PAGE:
Do you want to learn to play jazz guitar quickly? Here’s you everything you need to begin playing jazz with another guitarist, singer, or even in a group setting.
This jazz guitar book is divided into 14 lessons, one for each day of the two-week program. In each guitar lesson, you’ll learn:
• Chord Progressions
• Guitar licks
Learn how to walk a bass line and comp at the same time!
Let’s be honest: learning jazz is intimidating. But, for those who are new to jazz, much of the intimidation comes from not knowing where to begin. With How to Play Jazz Guitar in 14 Days, they goal is to demystify the genre by breaking down the style’s main components—chords, scales, improvisation, song form—into small, easy-to-digest nuggets so guitarists, no matter their musical background, will have a clear understanding of jazz, and how to play it, in just two weeks.
So, whether you’re a guitarist who’s been playing for a few years, or you’ve been playing for decades but are unfamiliar with jazz, this jazz guitar book will get you swingin’ and fast!
- Learn the most important progressions in jazz
- Quickly pick up new scales, chords & techniques
- Solo over major, minor, and dominant 7th chords
- Download free audio demos for every day so you know what the music figures sound like.
This is a brand new method for learning jazz guitar. Written by a 30-year guitar veteran who has seen it ALL and knows what works and what doesn’t.
Play jazz guitar in 14 days?! That’s impossible! If that was your initial reaction to this book, you’re probably not alone. But the truth is, if you’re truly dedicated to learning jazz guitar, and you’re willing to put in the work, you can learn all the tools you’ll need to be a well-rounded and competent jazz guitarist in just two weeks’ time.
If you’re an absolute beginner looking for a method book to teach you the fundamentals of playing guitar… well, this isn’t it. Instead, How to Play Jazz Guitar in 14 Days is focused on teaching you everything you need to begin playing jazz with another guitarist, singer, or even in a group setting. While the book is not written for beginners, the material, while challenging, shouldn’t be too difficult for intermediate players. So, whether you’re a guitarist who’s been playing for a few years, or you’ve been playing for decades but are unfamiliar with jazz, How to Play Jazz Guitar in 14 Days will get you swingin’…. fast! (section continues in book)
Week 1: Jazz Blues Changes
Below is a 12-bar jazz-blues form in the key of G. These changes will be the template for the first week of lessons. Before you begin Day 1’s exercises, however, spend some time getting familiar with this set of chord changes, particularly where the primary chords, I (G7) and IV (C7), fall within the progression.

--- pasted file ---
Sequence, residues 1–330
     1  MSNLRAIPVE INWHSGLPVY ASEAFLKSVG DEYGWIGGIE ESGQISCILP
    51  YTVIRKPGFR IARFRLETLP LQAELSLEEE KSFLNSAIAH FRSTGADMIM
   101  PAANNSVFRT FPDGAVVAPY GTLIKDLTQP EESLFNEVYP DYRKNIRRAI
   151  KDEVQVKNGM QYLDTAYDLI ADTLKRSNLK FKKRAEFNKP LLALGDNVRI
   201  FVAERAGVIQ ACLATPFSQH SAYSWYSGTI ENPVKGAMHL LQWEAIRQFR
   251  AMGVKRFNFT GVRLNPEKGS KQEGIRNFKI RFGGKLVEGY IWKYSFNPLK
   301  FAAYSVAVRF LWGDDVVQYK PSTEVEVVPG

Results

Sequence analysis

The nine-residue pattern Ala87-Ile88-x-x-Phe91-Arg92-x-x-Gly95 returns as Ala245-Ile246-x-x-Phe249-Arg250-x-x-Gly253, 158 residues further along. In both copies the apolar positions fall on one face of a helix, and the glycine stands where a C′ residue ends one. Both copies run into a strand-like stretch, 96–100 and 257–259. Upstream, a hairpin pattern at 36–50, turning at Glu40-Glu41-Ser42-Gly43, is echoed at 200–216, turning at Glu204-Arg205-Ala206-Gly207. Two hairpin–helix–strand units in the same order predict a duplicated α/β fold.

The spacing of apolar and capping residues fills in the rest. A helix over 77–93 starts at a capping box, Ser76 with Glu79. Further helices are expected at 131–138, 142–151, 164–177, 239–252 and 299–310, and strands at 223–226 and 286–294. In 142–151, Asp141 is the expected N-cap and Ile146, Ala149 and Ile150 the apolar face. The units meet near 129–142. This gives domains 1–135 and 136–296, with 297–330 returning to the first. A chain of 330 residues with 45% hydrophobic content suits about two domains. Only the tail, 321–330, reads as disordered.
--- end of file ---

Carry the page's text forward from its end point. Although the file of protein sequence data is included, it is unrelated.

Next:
Once you get through Week 1, you’ll know these changes inside and out!
CHORD CHANGES (1:30–1:15)
This first exercise features a pair of common barre-chord shapes, one whose root is located on string 6 (G7), and one whose root is found on string 5 (C7). If you’re familiar with these shapes, this exercise shouldn’t be too difficult; if they’re new to you, get comfortable with barring your index finger across all six strings at fret 3, keeping the index in place as you switch between the two chords, moving from an index-ring-middle combo (G7) to an index-ring-pinky combo (C7).
Notice the accents (>) on beats 2 and 4 of each measure. These symbols indicated that beats 2 and 4 should be played a little more forcefully (i.e., louder) than beats 1 and 3. Also, in true jazz fashion, play each chord staccato; that is, cut their quarter-note durations short, rather than allowing them to ring out. You can achieve this sound by briefly releasing the finger pressure of your frethand after striking the chord, and returning the fingers for each new chord strum. The result should be a “bouncing” motion in your frethand. Be sure to listen to the accompanying audio to hear how the chords should sound.
Rhythmically, this exercise is identical to the previous one. Harmonically, it’s a little different because the 7th chords are replaced by “jazzy” extended chords, G13 and C9. These extended chords function in the same way as the 7th chords (i.e., as dominant chords), only their tonalities are a little more robust, or “sophisticated.”